Many colonists were anxious about their status as Britons. They did, after all, live in faraway outposts of the empire. Importing, purchasing, and consuming exotic grocery items from distant lands helped to confirm their identity as they participated in the same rituals of consumption as their counterparts in London and throughout England.

January 12

What was advertised in a colonial newspaper 250 years ago this week?

Jan 12 - 1:9:1766 Massachusetts Gazette
Massachusetts Gazette (January 9, 1766)

“Superfine Hyson Tea” and “Choice Bohea TEA.”

Given that Richard Clarke directed customers to his “Warehouse the lower End of King-Street” and James Jackson invited them to his “Shop in Union-Street,” it appears that the former was a wholesaler and the latter a retailer.  But they both peddled that increasingly popular eighteenth-century beverage:  tea.  Once reserved for elite consumers, tea became a staple and a necessity in eighteenth-century America.

(Update:  J.L. Bell notes, via Twitter,  that “Captain Bruce” worked for Hancock. Richard Clarke was later the lead importer during the 1773 tea crisis.)

Hyson Tea
Hyson Tea

These short advertisements, positioned next to each other on the page, offer two kinds of tea.  Hyson is a green tea that comes from the Anhui and Zhejiang provinces in China.  “Superfine Hyson” likely refers to what is today known as Young Hyson or Lucky Dragon, a finer variety with lighter flavor.  Bohea, now known as Wuyi, is a variety of black and oolong tea grown in the mountains in northwestern China.  Originally Bohea, with its smoky flavor, was considered a luxury item, but it eventually became one of the most popular varieties in colonial America.  In his Autobiography, Benjamin Franklin recorded provisioning General Edward Braddock’s forces with both “good green tea” and “good bohea tea” during the French and Indian War.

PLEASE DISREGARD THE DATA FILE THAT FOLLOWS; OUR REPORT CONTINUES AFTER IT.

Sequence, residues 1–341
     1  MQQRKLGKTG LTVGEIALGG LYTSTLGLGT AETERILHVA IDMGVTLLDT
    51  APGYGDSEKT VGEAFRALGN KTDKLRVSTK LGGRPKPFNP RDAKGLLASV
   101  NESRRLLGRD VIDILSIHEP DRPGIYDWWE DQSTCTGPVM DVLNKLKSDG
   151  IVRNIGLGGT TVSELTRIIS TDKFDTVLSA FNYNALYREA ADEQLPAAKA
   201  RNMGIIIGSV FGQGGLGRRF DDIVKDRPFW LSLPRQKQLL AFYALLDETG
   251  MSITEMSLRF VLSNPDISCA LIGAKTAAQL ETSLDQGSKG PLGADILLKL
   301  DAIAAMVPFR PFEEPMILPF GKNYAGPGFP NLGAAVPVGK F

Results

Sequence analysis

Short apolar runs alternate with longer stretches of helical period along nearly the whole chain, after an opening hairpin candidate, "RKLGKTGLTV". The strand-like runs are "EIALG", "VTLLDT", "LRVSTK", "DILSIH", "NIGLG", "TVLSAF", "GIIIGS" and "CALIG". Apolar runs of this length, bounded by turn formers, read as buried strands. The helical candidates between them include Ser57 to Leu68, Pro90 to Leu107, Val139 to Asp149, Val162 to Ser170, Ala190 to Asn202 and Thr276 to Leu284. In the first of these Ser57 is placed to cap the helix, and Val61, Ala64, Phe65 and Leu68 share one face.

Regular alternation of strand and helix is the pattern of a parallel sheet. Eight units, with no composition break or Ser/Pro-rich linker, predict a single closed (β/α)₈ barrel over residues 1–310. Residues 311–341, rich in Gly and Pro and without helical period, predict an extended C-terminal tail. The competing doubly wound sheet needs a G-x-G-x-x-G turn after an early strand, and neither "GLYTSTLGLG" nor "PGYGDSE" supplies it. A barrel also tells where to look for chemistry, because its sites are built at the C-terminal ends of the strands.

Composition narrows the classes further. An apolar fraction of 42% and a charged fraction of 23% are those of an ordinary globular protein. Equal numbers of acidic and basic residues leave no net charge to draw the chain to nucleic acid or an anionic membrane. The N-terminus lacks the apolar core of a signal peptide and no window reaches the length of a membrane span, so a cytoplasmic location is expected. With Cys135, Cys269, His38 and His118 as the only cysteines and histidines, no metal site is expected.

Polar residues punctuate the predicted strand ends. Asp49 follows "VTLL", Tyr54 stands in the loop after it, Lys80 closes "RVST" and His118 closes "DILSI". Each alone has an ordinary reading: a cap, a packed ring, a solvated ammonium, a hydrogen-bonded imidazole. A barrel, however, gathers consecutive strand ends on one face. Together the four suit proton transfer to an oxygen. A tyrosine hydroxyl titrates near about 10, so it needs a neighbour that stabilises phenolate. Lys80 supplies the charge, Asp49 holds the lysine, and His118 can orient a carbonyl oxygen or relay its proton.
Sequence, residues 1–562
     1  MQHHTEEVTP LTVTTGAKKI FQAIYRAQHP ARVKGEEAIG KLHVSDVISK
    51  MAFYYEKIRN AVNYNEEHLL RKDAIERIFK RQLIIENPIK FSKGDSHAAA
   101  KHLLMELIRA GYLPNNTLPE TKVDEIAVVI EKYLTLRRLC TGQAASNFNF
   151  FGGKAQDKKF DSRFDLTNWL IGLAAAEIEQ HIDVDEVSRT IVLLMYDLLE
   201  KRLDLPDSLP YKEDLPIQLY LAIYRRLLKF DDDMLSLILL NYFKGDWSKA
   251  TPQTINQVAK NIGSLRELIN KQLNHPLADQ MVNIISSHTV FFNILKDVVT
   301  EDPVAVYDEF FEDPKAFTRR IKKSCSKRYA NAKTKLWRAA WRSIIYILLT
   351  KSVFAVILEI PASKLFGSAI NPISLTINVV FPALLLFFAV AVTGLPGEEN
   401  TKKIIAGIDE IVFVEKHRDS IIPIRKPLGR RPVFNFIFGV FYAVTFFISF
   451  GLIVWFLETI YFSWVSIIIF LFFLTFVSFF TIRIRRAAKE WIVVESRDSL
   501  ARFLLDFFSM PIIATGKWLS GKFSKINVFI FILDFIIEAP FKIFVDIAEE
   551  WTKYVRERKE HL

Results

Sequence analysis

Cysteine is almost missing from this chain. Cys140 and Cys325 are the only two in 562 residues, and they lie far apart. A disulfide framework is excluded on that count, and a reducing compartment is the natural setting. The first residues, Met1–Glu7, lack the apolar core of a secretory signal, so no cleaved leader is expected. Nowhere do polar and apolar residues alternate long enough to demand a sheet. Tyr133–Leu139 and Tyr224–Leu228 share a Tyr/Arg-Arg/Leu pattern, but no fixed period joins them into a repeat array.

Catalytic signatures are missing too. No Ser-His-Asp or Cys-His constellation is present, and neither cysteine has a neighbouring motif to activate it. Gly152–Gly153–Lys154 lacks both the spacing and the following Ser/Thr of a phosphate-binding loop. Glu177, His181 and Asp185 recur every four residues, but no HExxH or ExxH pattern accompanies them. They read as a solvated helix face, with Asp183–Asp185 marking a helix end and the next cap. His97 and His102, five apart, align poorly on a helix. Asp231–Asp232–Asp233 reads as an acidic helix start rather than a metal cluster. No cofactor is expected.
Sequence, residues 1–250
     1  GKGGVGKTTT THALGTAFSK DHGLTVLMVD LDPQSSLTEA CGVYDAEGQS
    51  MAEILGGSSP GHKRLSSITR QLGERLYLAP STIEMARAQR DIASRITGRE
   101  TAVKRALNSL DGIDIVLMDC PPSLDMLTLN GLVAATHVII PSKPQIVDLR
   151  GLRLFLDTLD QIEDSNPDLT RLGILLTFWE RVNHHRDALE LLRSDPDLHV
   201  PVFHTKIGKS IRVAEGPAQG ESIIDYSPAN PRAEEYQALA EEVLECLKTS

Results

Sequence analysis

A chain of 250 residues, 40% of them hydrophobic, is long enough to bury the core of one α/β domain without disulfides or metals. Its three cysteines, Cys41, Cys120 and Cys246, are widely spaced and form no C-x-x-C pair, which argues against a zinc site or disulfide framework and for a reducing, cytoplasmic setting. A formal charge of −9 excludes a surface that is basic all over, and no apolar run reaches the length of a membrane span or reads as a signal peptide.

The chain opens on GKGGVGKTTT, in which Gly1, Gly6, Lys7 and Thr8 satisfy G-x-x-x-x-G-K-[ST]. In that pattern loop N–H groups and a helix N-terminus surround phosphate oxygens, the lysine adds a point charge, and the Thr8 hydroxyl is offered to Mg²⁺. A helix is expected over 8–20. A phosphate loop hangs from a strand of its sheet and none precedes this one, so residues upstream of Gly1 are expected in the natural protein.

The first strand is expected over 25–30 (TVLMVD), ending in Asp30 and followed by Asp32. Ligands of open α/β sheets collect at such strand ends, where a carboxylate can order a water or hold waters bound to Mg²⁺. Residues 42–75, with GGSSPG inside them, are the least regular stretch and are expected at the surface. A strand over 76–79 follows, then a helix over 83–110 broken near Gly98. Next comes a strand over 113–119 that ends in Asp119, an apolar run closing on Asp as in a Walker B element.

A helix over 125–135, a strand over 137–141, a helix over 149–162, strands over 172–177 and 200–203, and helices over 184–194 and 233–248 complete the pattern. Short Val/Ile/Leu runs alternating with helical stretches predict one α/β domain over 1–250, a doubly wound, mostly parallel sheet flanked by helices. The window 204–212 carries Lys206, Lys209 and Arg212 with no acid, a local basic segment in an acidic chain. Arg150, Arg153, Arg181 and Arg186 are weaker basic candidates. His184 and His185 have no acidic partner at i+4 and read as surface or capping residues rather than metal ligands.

Bohea Tea
Bohea Tea

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In researching this entry, I discovered quite a few twenty-first suppliers and public history institutions and organizations who use colonial imagery to market tea to modern consumers.  The cachet is in the connection to the American past, sometimes even using the Boston Tea Party to sell products by counterintuitively suggesting that Americans should now purchase and drink the very tea that their ancestors tossed into the harbor in protest.

I admire the decorative labels on Oliver Pluff & Co‘s canisters (which they call “Signature Tea Tins”).  The company, located in Charleston, South Carolina, bills itself as “A Leaf from America’s Tea Heritage” (and seems to be the supplier of tea merchandise for many public history sites).  I have not tried their tea, so I cannot testify to its quality, but I plan to make a purchase in order to obtain the canisters.  Score one for marketing!

Pluff Tea Collection
Teas offered for sale by Oliver Pluff & Co, Charleston, SC.